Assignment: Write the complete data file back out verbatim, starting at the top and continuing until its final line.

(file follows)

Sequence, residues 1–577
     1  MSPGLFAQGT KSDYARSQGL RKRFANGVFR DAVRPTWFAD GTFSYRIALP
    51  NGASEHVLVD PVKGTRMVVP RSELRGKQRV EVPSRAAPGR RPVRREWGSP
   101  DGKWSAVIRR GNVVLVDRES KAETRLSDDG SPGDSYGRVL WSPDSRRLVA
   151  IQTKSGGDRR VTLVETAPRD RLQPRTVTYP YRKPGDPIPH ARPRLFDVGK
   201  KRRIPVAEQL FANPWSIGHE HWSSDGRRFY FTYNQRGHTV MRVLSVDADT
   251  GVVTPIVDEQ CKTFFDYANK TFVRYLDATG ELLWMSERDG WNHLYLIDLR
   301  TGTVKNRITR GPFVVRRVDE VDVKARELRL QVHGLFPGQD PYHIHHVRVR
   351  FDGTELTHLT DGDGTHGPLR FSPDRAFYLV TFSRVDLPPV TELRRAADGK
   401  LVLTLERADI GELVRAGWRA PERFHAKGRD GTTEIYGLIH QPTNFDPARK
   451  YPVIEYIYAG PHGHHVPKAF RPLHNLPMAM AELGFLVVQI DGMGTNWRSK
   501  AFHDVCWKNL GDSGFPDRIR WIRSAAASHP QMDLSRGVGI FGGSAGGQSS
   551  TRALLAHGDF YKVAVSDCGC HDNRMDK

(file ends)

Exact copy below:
Sequence, residues 1–577
     1  MSPGLFAQGT KSDYARSQGL RKRFANGVFR DAVRPTWFAD GTFSYRIALP
    51  NGASEHVLVD PVKGTRMVVP RSELRGKQRV EVPSRAAPGR RPVRREWGSP
   101  DGKWSAVIRR GNVVLVDRES KAETRLSDDG SPGDSYGRVL WSPDSRRLVA
   151  IQTKSGGDRR VTLVETAPRD RLQPRTVTYP YRKPGDPIPH ARPRLFDVGK
   201  KRRIPVAEQL FANPWSIGHE HWSSDGRRFY FTYNQRGHTV MRVLSVDADT
   251  GVVTPIVDEQ CKTFFDYANK TFVRYLDATG ELLWMSERDG WNHLYLIDLR
   301  TGTVKNRITR GPFVVRRVDE VDVKARELRL QVHGLFPGQD PYHIHHVRVR
   351  FDGTELTHLT DGDGTHGPLR FSPDRAFYLV TFSRVDLPPV TELRRAADGK
   401  LVLTLERADI GELVRAGWRA PERFHAKGRD GTTEIYGLIH QPTNFDPARK
   451  YPVIEYIYAG PHGHHVPKAF RPLHNLPMAM AELGFLVVQI DGMGTNWRSK
   501  AFHDVCWKNL GDSGFPDRIR WIRSAAASHP QMDLSRGVGI FGGSAGGQSS
   551  TRALLAHGDF YKVAVSDCGC HDNRMDK